The next montage of scenes shows each of them trying to place calls to the other, with nothing more than static and frustration.  Tom gets increasingly desperate to hear from her, including diving for the phone at one point.  When he next meets his friends for b-ball, he casually admits he might possibly be developing feelings for Hannah.  The boys take this is stride, figuring he is just missing his routine with her.

Tom then tries spending time doing his “Hannah” things with various other women – he takes one to the thrift store, and she complains about everything in the store being old.  He takes another to the bakery, and she complains about the long lines, and doesn’t understand how to play the “guess what I’m going to order” game.  At the restaurant, the third woman orders all the fried food, which Tom doesn’t like.  Tom begins to realize there is no replacement for Hannah.

The next time he sees Kadeem Hardison’s character, he confesses that he is ready to begin dating Hannah, and he plans to tell her when she returns.  He makes sure to note that he doesn’t want it to be too serious, but they can give it a try.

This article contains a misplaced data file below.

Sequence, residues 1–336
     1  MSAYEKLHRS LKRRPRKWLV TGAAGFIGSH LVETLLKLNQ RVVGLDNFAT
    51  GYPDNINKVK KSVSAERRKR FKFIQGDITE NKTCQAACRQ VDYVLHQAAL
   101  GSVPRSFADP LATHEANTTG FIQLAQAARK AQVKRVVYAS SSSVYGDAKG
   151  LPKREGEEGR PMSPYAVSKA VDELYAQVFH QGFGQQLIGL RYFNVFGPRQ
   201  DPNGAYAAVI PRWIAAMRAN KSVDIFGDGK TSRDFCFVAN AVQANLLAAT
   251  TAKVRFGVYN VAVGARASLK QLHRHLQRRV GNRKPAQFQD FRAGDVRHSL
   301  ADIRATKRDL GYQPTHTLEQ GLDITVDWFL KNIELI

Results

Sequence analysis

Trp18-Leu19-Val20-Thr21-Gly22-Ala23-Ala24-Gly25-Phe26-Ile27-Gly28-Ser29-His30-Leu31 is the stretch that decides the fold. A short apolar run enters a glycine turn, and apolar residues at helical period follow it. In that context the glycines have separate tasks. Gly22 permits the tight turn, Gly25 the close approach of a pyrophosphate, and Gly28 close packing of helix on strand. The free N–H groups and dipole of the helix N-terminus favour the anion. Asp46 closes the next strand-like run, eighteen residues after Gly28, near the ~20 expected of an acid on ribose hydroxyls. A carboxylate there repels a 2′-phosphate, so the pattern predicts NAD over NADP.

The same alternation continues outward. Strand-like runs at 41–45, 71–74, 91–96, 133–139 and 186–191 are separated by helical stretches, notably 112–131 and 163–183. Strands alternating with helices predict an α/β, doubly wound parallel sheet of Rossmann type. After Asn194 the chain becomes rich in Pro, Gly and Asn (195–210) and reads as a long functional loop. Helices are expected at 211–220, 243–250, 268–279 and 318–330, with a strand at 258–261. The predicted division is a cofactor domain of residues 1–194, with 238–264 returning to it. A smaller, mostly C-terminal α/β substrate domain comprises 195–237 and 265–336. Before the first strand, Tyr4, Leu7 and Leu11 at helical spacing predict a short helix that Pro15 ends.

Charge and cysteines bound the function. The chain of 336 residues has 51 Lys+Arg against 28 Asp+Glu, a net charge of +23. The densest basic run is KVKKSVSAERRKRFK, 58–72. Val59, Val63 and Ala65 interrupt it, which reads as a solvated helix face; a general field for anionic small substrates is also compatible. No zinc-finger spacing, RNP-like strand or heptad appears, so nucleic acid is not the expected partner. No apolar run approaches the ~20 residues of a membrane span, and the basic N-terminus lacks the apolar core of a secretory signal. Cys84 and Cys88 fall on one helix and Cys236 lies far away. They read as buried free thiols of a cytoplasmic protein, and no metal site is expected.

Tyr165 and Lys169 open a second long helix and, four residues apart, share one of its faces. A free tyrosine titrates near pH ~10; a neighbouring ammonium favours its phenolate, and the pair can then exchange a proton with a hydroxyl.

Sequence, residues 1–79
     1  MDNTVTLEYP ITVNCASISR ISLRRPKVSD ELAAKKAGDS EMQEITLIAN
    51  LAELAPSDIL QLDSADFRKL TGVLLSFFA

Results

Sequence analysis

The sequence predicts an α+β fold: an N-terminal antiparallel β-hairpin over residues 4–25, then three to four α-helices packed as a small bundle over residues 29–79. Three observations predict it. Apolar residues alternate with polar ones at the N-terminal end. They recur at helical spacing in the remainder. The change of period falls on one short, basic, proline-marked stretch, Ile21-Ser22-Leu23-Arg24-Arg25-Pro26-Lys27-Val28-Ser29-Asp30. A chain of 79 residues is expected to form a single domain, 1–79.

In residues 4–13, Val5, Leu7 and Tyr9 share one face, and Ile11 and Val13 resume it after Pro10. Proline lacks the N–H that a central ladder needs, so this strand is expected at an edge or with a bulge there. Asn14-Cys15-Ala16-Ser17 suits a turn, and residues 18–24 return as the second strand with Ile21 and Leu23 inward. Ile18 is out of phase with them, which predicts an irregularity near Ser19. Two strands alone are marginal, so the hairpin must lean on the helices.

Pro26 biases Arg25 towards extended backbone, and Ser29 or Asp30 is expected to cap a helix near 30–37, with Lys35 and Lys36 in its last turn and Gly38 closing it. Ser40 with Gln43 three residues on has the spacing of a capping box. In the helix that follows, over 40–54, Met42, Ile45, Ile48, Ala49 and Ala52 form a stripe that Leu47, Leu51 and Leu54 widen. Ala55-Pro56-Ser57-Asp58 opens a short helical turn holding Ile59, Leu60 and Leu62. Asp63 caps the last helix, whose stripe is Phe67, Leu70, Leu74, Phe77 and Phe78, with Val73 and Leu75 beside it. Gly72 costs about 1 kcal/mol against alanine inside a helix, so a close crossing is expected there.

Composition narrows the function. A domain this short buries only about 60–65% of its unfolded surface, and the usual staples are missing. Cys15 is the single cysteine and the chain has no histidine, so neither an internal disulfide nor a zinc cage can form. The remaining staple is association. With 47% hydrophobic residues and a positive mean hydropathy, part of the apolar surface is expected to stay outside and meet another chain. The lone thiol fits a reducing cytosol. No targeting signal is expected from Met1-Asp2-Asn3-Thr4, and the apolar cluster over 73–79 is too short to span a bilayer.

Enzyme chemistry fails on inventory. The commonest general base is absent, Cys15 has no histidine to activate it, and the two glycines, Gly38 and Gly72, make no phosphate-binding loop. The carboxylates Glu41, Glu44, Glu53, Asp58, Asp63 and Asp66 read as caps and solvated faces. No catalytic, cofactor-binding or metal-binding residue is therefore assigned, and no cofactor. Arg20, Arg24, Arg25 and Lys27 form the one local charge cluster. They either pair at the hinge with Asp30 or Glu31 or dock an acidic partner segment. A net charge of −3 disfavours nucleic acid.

Soon the call comes from Hannah that she is back in NY, an excited message saying she wants to meet him for dinner, and she has a lot to tell him.  Tom spends the evening trying on different shirts, trying to get the right look for her.  He stops and buys her just the right flowers, and goes happily to the restaurant.  When he sees her, both their faces light up.

In slow motion, Hannah jumps up to go to him, but then stops and turns, grabbing the arm of a tall, strawberry-blonde man.  She introduces him to Tom as Colin McMurray (Kevin McKidd), a man she met in Scotland, and she eagerly shows him a massive engagement ring.

Tom is so shocked he knocks into a waiter and has a disastrous pratfall, with flowers and food flying everywhere.  When Hannah tries to help him up, she asks about the flowers, and Tom denies they are his.

Over dinner, Hannah excitedly goes on and on about meeting Colin, revealing that he had rescued her on the muddy road that day, approaching her on horseback.  They met and spent all of the next 4 weeks together.  Colin’s family is quite wealthy and owns a whisky distillery.  She then reveals they are getting married in two weeks at his family’s castle in Scotland, and since Tom is her best friend, he is the obvious choice for her maid of honor.  Tom stands up in fake enthusiasm and smacks into the same waiter, who almost starts a fight with Tom over his clumsiness.